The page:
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Mycophenolate mofetil

Authors: Vanessa Ngan, Staff Writer, 2003. Updated: Dr Kelvin Truong, Dermatology Research Fellow, Westmead Hospital, Sydney, Australia. Copy edited by Gus Mitchell. October 2021


What is mycophenolate mofetil?

Mycophenolate mofetil is the prodrug form of mycophenolic acid, a potent immunosuppressive drug. Enteric-coated mycophenolate sodium is another form of mycophenolic acid used in clinical practice.

Who uses mycophenolate mofetil?

Mycophenolate mofetil is an immunosuppressant approved for to prevent rejection of solid organ (kidney, liver, heart) transplants. 

Off-label use of mycophenolate mofetil is widespread in dermatology.

Immunobullous diseases that may be treated with mycophenolate mofetil

What are the contraindications and precautions with mycophenolate mofetil?

Absolute contraindications

  • Allergy to the drug or its excipients
  • Pregnancy
    • Reported to cause spontaneous abortion, craniofacial malformations, cardiac malformations
    • Women must use effective contraception starting four weeks before commencement, throughout treatment, and for six weeks after the last dose
    • Men should use condoms during sexual intercourse throughout treatment and for 90 days after the last dose. Female partners of males treated with mycophenolate mofetil should also use effective contraception during their partner’s treatment and for 90 days after the partner’s last treatment dose.

Relative contraindications

  • Lactation
  • Peptic ulcer disease
  • Liver disease
  • Cardiopulmonary disease


Tell me more about mycophenolate mofetil

Mechanism of action

  • Reversible, selective, non-competitive inhibitor of the enzyme inosine monophosphate dehydrogenase (IMPDH)
  • IMPDH is an important enzyme in the synthesis of purines
    • Purine synthesis is essential for lymphocyte development and proliferation
  • Blocking IMPDH inhibits T- and B-lymphocyte function
    • Reduces lymphocyte proliferation, antibody formation, and cell-mediated immune response

Drug forms and dosing

Mycophenolate mofetil is available in oral and intravenous formulations.

A typical starting dose used in dermatology is 250 mg twice daily. If no improvement is observed after one month of therapy, the dose may be increased by 500 milligram increments up to a maximum of 3 g per day.

Dose reduction is required with chronic renal insufficiency as mycophenolic acid is mostly excreted via the kidneys.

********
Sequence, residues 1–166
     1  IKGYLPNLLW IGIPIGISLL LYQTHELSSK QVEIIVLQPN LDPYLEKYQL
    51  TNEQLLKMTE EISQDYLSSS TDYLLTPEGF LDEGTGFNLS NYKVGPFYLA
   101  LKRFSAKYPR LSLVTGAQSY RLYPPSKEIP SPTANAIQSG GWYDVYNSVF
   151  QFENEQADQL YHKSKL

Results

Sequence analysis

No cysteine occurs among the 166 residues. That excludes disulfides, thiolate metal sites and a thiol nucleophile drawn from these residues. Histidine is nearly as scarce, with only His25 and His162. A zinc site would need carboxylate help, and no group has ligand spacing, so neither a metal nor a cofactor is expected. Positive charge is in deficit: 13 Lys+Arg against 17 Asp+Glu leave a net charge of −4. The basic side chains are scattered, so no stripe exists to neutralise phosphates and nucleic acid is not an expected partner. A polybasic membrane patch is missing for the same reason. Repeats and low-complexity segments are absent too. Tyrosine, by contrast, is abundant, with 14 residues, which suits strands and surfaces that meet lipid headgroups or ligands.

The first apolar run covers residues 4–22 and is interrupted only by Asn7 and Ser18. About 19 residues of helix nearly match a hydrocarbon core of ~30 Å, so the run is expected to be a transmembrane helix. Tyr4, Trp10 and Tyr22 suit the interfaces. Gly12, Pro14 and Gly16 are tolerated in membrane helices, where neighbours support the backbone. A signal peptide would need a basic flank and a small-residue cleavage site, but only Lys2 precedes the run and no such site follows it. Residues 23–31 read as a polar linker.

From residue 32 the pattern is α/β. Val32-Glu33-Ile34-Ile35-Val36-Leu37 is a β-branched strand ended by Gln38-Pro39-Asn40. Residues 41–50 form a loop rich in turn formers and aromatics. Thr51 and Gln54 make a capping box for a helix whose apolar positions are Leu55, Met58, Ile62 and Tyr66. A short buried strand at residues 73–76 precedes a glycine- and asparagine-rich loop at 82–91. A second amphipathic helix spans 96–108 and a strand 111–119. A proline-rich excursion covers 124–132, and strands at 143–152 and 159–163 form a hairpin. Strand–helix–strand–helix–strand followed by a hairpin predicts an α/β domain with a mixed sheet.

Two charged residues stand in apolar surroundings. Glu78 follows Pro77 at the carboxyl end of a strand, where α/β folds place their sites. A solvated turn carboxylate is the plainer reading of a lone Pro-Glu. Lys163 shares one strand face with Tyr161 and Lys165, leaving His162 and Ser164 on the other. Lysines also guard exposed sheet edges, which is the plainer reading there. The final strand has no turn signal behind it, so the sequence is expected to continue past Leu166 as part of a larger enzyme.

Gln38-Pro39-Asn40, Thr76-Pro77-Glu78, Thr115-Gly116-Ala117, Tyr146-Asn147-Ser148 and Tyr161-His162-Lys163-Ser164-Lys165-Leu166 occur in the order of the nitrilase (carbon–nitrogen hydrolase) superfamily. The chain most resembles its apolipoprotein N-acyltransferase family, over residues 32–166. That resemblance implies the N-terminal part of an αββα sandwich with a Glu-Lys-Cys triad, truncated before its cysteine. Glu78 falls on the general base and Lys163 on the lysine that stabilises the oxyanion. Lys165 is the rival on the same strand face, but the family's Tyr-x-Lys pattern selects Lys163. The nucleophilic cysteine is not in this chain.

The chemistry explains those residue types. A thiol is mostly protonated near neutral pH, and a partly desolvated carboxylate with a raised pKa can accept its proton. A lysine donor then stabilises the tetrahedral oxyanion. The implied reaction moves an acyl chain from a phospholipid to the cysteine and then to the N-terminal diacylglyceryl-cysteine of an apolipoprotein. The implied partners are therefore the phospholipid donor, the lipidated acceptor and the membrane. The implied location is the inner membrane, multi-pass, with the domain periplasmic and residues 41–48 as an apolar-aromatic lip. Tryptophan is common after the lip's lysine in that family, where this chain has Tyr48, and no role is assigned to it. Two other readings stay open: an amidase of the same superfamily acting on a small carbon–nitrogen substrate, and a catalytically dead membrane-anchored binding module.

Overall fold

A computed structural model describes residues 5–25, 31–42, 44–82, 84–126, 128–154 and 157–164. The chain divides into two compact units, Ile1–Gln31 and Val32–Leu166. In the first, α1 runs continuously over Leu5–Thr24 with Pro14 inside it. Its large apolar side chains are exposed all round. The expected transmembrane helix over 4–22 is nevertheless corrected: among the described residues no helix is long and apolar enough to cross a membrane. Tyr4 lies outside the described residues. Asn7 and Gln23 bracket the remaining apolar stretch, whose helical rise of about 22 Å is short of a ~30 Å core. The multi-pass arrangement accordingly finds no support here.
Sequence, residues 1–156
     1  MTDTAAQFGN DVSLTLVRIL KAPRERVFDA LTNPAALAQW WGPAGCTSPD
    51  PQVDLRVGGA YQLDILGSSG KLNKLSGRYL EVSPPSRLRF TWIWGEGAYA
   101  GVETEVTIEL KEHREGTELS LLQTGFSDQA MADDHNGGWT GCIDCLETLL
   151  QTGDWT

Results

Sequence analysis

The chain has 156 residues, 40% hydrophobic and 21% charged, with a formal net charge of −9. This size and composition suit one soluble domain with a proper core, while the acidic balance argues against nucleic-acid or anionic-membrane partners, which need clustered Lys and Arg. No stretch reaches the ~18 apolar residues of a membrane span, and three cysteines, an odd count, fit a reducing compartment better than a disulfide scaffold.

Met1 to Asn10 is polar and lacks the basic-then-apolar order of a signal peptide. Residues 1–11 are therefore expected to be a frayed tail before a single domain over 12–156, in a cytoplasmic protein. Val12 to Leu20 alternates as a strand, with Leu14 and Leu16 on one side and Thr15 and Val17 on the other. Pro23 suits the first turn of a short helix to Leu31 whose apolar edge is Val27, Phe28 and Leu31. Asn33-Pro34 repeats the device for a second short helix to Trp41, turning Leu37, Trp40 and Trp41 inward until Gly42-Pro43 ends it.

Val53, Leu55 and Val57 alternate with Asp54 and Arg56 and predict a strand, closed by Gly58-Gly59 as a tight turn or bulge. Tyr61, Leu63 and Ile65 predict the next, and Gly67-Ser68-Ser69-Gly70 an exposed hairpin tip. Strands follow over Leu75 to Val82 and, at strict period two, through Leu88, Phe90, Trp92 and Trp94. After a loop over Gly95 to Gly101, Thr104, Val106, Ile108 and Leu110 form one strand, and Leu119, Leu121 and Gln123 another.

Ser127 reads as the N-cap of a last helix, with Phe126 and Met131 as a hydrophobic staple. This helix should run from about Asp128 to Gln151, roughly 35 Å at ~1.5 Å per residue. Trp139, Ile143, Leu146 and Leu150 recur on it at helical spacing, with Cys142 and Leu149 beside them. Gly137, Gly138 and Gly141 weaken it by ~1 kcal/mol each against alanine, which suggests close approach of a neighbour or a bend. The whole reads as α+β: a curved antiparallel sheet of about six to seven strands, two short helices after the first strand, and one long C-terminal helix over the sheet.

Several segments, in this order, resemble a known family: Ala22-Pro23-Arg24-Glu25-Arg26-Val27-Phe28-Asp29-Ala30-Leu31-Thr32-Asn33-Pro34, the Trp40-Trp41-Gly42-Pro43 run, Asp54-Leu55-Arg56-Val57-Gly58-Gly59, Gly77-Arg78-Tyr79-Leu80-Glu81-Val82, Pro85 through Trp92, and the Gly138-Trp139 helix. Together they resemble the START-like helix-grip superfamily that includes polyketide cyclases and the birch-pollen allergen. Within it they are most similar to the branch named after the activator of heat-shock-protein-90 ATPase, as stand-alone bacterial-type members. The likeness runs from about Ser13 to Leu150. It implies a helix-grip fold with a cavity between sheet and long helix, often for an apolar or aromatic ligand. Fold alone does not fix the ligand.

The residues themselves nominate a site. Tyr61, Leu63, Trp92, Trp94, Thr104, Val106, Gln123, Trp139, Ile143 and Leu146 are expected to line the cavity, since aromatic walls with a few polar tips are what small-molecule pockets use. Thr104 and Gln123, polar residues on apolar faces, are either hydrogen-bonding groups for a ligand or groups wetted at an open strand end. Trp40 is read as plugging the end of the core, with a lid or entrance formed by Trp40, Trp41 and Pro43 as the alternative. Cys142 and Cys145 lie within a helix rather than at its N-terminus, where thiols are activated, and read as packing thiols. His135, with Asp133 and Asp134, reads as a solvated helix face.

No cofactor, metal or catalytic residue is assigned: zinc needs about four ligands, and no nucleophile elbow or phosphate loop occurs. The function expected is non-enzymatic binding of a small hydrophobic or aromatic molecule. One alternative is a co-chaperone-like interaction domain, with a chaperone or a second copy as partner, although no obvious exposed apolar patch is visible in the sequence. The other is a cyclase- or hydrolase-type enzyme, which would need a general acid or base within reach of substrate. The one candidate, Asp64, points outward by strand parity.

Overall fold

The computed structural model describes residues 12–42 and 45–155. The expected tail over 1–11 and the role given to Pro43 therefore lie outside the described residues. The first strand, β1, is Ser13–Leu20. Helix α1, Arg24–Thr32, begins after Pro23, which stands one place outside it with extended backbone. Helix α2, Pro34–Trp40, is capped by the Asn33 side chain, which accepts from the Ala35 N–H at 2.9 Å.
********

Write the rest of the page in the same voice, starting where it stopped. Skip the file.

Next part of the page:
Mycophenolate mofetil is often used in combination with other immunosuppressive drugs [see Drug-induced immunosuppression]

What are the benefits of mycophenolate mofetil?

  • Well-tolerated
  • Oral administration available
  • Wide therapeutic range

What are the disadvantages of mycophenolate mofetil?

  • Clinical response is slow
  • Regular blood test monitoring is required
  • Contraception is necessary for both males and females taking mycophenolate mofetil
  • Drug interactions
    • Reduced mycophenolate blood level
    • Increased mycophenolate blood level
      • Probenecid
      • Salicylates, phenytoin
    • Mycophenolate may increase the blood level of other drugs

What are the side effects and risks of mycophenolate mofetil?

Side effects

Mucocutaneous side effects 

Mycophenolate mofetil can increase the risk of these skin infections

Common side effects

  • Nausea and vomiting, diarrhoea or constipation, abdominal cramps.
  • Infections
    • Bacterial — urinary tract infection, pneumonia
    • Viral — cytomegalovirus (CMV), BK virus.

Uncommon but potentially serious side effects

Monitoring during treatment

Before starting treatment

During treatment

  • Regular full blood count – weekly for the first month then every two weeks for two months, and monthly for the rest of the first year
  • Liver and kidney function tests — every 2–4 weeks until dose is stabilised and then every 2–3 months
  • Pregnancy test if appropriate in the first week
  • Regular skin checks — patient should practice self skin examination

Discontinuation of treatment

Mycophenolate mofetil should be ceased if pregnancy occurs or:

  • Lymphocyte count < 1.0x109/L
  • Anaemia
  • Thrombocytopenia

Bone marrow suppression, if mild, usually recovers with dose reduction or cessation of the mycophenolate mofetil.

Approved datasheets are the official source of information for medicines, including approved uses, doses, and safety information. Check the individual datasheet in your country for information about medicines.

We suggest you refer to your national drug approval agency such as the Australian Therapeutic Goods Administration (TGA), US Food and Drug Administration (FDA)UK Medicines and Healthcare products regulatory agency (MHRA) / emc, and NZ Medsafe, or a national or state-approved formulary eg, the New Zealand Formulary (NZF) and New Zealand Formulary for Children (NZFC) and the British National Formulary (BNF) and British National Formulary for Children (BNFC).



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